While it’s tempting to share every coronavirus-inspired post on every single chat group you belong to, consider how accurate the information is first. Was the information written by an expert? If not, was there adequate research involved? Is it proposing an all-too-radical position contrary to what experts are saying?

Caring for others is, of course, one of the hallmarks of being human in the face of crisis. Sadly, care itself can be misguided with fabricated and hyperbolic truths. While you care enough for your fellow human being, misinformation can cause more harm than good. Fortunately, along with care, rational discernment is also part of what makes us human. For all the steps listed above, the coronavirus isn’t our only enemy in this dreadful time. We need to fight misinformation, too.

We are now in the middle of tough times when even our devices can become our enemies. It’s time to rise up higher as a species. Though we can’t work on a cure or a vaccine ourselves, we can do our part by making sure we’re clean both for ourselves and others. While we’re at it, let’s make sure that the right information reaches the right people.

SEE ALSO: 5 things to do while stuck indoorsPhoneSoap Go: A portable device that will sanitize your smartphone


As general rules, the CDC or The Centers for Disease Control and Prevention listed these to help with preventing the spread of COVID-19:

  • Stay home when sick
  • Cover coughs and sneezes
  • Frequently wash hands with soap and water
  • Clean frequently touched surfaces

Accessories

Redmi Earbuds S are the most affordable TWS offering

The price is unbelievable

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In India, Xiaomi’s Redmi division looks after the affordable segment while Mi-branded products are for the premium segment. On the side, POCO is now an independent brand. Continuing with the new strategy, Redmi today announced the launch of their new TWS earbuds, the Redmi Earbuds S.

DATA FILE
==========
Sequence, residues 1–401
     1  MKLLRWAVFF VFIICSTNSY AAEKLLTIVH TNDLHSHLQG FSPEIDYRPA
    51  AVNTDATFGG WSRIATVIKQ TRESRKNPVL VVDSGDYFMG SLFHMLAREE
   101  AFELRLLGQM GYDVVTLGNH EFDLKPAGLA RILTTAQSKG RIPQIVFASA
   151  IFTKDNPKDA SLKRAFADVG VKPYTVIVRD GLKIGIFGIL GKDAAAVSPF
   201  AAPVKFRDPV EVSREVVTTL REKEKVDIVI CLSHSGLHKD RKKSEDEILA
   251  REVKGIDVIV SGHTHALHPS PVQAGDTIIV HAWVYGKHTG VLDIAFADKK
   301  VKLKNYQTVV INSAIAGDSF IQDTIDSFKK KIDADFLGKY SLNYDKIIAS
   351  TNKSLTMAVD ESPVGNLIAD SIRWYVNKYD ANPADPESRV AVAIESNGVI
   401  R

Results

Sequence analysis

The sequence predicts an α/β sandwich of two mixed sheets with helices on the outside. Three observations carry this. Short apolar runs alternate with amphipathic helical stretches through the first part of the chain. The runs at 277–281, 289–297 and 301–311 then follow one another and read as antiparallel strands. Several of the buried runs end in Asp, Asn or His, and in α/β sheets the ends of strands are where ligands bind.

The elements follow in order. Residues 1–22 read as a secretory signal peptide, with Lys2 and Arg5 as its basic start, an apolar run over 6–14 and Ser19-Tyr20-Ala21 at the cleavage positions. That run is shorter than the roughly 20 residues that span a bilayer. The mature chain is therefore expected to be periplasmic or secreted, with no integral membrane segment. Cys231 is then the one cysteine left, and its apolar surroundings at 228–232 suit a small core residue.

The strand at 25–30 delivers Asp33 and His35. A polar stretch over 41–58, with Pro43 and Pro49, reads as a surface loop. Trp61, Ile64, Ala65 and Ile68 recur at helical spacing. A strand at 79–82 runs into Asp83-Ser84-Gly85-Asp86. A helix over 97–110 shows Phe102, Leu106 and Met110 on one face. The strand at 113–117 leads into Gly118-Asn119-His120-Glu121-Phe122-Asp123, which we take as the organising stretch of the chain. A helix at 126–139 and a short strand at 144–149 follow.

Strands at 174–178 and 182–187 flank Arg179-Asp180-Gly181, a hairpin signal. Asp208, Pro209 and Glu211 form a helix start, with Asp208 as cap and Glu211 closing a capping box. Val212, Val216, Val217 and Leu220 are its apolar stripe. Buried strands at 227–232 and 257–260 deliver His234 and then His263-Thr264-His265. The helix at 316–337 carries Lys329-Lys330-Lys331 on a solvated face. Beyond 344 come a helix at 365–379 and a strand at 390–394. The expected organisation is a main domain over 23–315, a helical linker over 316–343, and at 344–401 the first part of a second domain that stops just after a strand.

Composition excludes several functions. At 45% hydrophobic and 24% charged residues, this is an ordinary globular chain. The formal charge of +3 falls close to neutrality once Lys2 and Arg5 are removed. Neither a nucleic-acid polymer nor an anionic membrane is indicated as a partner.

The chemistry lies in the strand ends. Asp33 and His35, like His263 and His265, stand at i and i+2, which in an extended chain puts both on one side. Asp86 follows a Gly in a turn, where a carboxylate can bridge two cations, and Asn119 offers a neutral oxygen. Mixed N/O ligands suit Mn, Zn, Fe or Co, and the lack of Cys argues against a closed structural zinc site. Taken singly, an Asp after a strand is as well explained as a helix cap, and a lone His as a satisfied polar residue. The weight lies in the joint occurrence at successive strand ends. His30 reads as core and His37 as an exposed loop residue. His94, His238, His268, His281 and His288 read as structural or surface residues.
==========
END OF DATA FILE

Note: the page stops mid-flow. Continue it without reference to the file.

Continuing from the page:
Just a couple of weeks ago, the Mi True Wireless Earphones 2 were announced in the country but they are far from affordable. To bridge this gap, the Redmi Earbuds S has been unveiled. It’s worth noting that they are the same as the Redmi AirDots S, which were launched in China earlier.

The Earbuds have 7.2mm drivers and are IPX4-rated for water resistance. The individual buds weigh only about 4.5g each. The company’s marketing has focused on how good their bass is, but we’ll be able to confirm that in our review later.

For connectivity, it leverages SBC codec, a commonly used protocol via Bluetooth. However, a low-latency mode has also been added to aide gaming. The earbuds are said to deliver four hours of playback on a single charge and the case can extend this to 12 hours.

The Earbuds S also has a physical button on either side to control media playback or skip tracks. The gaming mode can be triggered by pressing the function key thrice.

The Redmi Earbuds S will cost INR 1,799 (US$ 23) and will go on sale starting May 27 via Mi.com and Amazon.

These earbuds are an entry-level option for someone who’s looking for a pair of TWS earbuds. Instead of rich features, the point of this product is to offer an affordable option to the end-user.

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Apps

YogiFi is a yoga mat that corrects your form in real-time

Your personal yoga instructor

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Many of us are coming up with new routines as we stay indoors. If you’re finding it hard to find a physical activity that you can do in a limited space, yoga is something you can try.

Practicing yoga may look easy, but doing it right can be pretty challenging, especially when you’re only following a YouTube video. YogiFi is an AI-powered yoga mat that provides guided instructions and real-time corrections on your poses.

The sensors on the mat tracks your yoga sequences and tracks your vitals before and after each session. This lets you track your progress so you can feel more motivated the next time you hit the mat.

It comes with a companion app that offers 25 programs. You can select your personal trainer and set your goals.

YogiFi is live on Kickstarter and is currently available for backers at US$ 199.

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Features

Peloton vs excuses: Mind tricks that can help you squeeze in a workout

For those struggling to keep a routine

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If anyone tells you that having a personal gym at home will remove all barriers to working out, they’re lying.

The Peloton bike packs an insane amount of tech that should help me stay on track, so I should have no excuses not to exercise, right? With it I can do live and on-demand spin classes, strength training, yoga, even meditation and sleep courses. Having it at home also means not needing to make time to travel to the gym. And yet, despite all of this, I still find reasons to shun fitness on the daily.